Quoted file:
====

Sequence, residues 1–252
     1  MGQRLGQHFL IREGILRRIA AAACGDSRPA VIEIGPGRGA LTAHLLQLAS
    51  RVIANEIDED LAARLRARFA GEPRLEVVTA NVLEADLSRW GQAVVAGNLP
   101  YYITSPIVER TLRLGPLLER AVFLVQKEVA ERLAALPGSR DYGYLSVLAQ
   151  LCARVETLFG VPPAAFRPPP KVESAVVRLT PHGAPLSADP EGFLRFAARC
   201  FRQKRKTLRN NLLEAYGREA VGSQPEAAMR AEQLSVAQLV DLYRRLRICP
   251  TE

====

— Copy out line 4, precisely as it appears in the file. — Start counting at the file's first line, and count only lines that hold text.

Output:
   101  YYITSPIVER TLRLGPLLER AVFLVQKEVA ERLAALPGSR DYGYLSVLAQ